But, when we reported at a different office later that day, we were told we had to report it to the forest biologist, Sandra. She let us know that if it was a bear cub (and she didn’t have a reason to believe it wasn’t, except for the even more remote possibility that it was a wild hog – but I disagree with that option based on what I experienced), we were actually in a very, very dangerous scenario. This is because bear cubs are born in the first two months of the year, and are still with mama bear mid-summer. And this actually jives with the other noises we heard – my wild imagination hadn’t dreamed up the nightmare that there could be more than one scary creature, but now I can picture the noises being made by more than a single animal. So what we all eventually determined to have happened was this:

Rachel and I usually chat a lot but this particular shelter was just above a particularly steep section of a hill so we stopped chatting and going was quite slow since we were tired by this point. When we got to the shelter itself, we barely talked until we drank some water and caught our breath. Then we started chatting and laughing and our voices probably got distorted in the rockshelter, which would have spooked nearby animals. You know, like a mama bear and her cubs. Once we began talking loudly on purpose, I think this further frightened the bears, so at the same time I was telling Rachel that I was getting the hell out of there, Mama Bear was doing the same with her cubs. Rachel and I did not know that the only way down was directly below us (hence we walked around the shelter’s edge), but Mama Bear did and that is why she ran towards us – not to chase Rachel, but just to escape. Little Cub Bear got scared and screamed while chasing Mama downhill. Had we not moved away due to my fear, we would have been squarely in scared Mama Bear’s path of escape, which would likely have been quite devastating for me and Rachel. Thank you, weak stomach, for getting us outta there! Though, I do wonder if my imagination is so powerful that I actually conjured this ordeal up myself! Hmmm…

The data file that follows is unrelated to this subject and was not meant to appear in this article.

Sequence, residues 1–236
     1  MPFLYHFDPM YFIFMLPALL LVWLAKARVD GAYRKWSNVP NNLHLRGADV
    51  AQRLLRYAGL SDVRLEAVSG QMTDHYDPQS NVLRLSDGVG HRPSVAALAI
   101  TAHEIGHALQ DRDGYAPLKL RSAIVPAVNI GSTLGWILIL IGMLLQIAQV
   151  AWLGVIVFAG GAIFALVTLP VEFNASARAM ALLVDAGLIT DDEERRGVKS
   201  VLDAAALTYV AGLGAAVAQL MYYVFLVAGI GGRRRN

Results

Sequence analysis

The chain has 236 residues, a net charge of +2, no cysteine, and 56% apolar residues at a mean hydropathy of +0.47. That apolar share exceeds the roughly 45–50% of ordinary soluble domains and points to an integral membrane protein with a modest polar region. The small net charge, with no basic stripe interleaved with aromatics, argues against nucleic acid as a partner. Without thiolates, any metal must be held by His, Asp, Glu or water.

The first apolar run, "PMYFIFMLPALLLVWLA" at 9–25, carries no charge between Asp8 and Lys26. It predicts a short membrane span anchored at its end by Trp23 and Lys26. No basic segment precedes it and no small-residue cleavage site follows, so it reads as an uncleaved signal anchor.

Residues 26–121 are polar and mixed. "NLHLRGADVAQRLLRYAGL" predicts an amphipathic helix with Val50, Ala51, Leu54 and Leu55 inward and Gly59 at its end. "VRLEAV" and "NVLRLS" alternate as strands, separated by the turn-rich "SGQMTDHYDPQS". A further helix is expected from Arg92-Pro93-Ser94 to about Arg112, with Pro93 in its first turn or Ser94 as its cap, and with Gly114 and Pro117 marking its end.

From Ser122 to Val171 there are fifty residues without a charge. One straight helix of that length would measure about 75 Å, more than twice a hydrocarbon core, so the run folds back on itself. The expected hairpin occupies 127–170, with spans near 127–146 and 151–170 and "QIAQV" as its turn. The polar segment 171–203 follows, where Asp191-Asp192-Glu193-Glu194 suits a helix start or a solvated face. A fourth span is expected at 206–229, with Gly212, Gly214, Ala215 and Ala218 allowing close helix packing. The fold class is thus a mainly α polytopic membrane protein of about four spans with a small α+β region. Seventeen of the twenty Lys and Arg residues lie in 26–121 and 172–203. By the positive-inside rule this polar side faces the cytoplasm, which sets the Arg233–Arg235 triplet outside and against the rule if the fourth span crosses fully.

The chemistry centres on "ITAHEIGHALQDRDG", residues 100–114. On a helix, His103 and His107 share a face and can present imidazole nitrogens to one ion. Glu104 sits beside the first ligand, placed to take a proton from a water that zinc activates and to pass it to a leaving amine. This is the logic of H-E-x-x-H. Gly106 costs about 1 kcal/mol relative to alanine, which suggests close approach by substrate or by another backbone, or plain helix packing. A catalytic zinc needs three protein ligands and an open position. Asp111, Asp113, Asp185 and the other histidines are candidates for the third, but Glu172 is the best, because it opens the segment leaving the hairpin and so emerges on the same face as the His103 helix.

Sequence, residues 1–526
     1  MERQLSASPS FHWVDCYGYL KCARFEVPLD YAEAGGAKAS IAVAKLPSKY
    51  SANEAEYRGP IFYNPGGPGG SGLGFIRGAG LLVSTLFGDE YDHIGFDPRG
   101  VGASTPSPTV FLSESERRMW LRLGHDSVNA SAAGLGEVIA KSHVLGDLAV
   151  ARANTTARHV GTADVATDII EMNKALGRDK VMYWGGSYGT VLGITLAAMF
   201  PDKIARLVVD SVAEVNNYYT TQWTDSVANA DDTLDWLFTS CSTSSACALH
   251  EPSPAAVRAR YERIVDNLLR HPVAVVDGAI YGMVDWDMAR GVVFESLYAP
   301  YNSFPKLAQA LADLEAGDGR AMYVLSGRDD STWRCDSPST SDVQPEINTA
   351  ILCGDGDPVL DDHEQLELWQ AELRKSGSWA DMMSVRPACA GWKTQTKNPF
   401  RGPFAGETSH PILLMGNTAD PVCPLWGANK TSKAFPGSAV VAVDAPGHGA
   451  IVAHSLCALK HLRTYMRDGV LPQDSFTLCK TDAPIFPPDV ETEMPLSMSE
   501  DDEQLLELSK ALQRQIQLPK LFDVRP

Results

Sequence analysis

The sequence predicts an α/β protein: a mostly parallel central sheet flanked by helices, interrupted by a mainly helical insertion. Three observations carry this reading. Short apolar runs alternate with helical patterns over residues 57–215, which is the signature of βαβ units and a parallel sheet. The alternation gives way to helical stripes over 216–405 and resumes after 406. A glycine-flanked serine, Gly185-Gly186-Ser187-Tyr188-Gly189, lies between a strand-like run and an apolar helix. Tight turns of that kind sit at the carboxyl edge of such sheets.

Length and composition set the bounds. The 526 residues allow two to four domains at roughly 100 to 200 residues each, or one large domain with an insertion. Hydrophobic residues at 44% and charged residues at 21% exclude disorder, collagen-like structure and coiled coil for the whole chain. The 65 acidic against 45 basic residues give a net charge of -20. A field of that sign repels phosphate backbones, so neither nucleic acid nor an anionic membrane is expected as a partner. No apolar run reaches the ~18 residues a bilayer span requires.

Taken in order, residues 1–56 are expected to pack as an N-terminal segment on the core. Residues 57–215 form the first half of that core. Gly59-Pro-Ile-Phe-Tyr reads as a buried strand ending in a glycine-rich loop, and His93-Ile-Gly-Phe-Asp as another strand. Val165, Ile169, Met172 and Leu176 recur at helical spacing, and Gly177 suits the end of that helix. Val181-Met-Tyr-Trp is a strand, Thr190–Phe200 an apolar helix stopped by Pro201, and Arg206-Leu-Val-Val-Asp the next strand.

Matt put us on other work for most of the rest of the time we were there, but we were sent out once more, alone, to see if we could bear it (get it?;). More on all that in another post!